Resolving The Mortgage Arrears Crisis

Author:Ms Grainne Hennessy, Orla O'Connor, Cormac Kissane and Robert Cain
Profession:Arthur Cox
 
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On 13 March 2013, the Government issued its statement on "Resolving the Mortgage Arrears Crisis". This coincided with the publication, by the Central Bank of Ireland (the "Central Bank"), of: (a) a "Review of the Code of Conduct on Mortgage Arrears" (Consultation Paper CP 63, which will lead to a revised Code of Conduct on Mortgage Arrears (the "New CCMA")) and (b) its "Mortgage Arrears Resolution Targets".

These developments follow various steps taken by the Government and the Central Bank in the areas of mortgage arrears and bankruptcy, including a revision of the previous Code of Conduct on Mortgage Arrears (the "CCMA") in January 2011, the publication of the report of the Inter-Departmental Mortgage Arrears Working Group (the "Keane Report") in October 2011, the signing into law of the Personal Insolvency Act 2012 (the "PIA 2012") on 26 December 2012, the establishment of the Insolvency Service of Ireland (the "ISI") on 1 March 2013 and the development by the leading banks (in conjunction with the Central Bank) of Mortgage Arrears Resolution Strategies ("MARS").

Statistics published by the Central Bank on 7 March 2013 indicated that, of the 792,096 mortgages over primary residences in Ireland, 143,851 were in arrears on 31 December 2012, with 94,488 (11.9%) being over 90 days in arrears (the 90+ days figure being an 11.5% increase since the end of Q3 2012). A further 28,421 mortgage loans secured on buy-to-let properties were also 90+ days in arrears on 31 December 2012, representing 18.9% of all residential mortgage loans secured on buy-to-let properties. Further, the types of mortgage restructuring arrangements agreed to date by banks with distressed borrowers have largely been of a short-term nature, with almost half being 'interest-only' or 'less than interest only'.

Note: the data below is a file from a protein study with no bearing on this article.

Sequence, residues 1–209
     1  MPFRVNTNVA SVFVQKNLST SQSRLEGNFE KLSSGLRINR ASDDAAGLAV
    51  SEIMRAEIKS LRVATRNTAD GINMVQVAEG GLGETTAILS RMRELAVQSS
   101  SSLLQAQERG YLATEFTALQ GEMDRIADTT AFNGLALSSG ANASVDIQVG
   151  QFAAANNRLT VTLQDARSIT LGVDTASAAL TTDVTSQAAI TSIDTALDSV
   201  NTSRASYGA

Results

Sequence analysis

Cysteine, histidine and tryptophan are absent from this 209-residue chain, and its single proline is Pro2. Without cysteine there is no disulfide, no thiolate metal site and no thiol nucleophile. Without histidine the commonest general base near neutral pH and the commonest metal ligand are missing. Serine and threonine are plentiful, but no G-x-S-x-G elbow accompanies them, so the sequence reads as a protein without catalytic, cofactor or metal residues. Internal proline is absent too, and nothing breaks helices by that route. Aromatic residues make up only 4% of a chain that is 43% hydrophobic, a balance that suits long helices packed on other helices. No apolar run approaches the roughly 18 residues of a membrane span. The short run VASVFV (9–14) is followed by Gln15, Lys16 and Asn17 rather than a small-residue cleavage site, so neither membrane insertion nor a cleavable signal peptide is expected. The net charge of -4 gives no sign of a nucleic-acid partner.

Publication of draft legislation intended to remedy the legal issues surrounding the ability of banks to seek Court Orders for Possession in respect of registered land which came to light as a result of the decision of Dunne J. in Start Mortgages Ltd & Ors v Gunn & Ors [2011] IEHC 275 is also expected very shortly.

The developments of 13 March 2013 represent the Government's and Central Bank's latest proposals to address the issue of mortgage arrears. The intention is that there will then be a comprehensive legal and regulatory regime in place to facilitate resolution of the mortgage arrears crisis in Ireland.

The New Mortgage Arrears Resolution Targets

The Central Bank has highlighted its concerns regarding whether, due to (a) the lack of sustainable solutions, (b) the cost of supporting substantial mortgage arrears and (c) possible deficiencies in lenders' credit risk management processes, the requirements of Regulation 16 of the European Communities (Licensing and Supervision of Credit Institutions) Regulations 1992 (the "1992 Regulations") are being met by the lenders (Regulation 16 implements the risk management and internal control requirements of the Capital Requirements Directive). As a result, it has published its new Mortgage Arrears Resolution Targets (the "Targets").

Application of the Targets

Lenders: ACC, AIB (including AIB Mortgage Bank, EBS and EBS Mortgage Finance), Bank of Ireland (including Bank of Ireland Mortgage Bank and ICS Building Society), KBC, Permanent TSB and Ulster Bank (the "Affected Lenders"). Properties: primary residences and buy-to-let properties. The Affected Lenders are being set both common public targets and...

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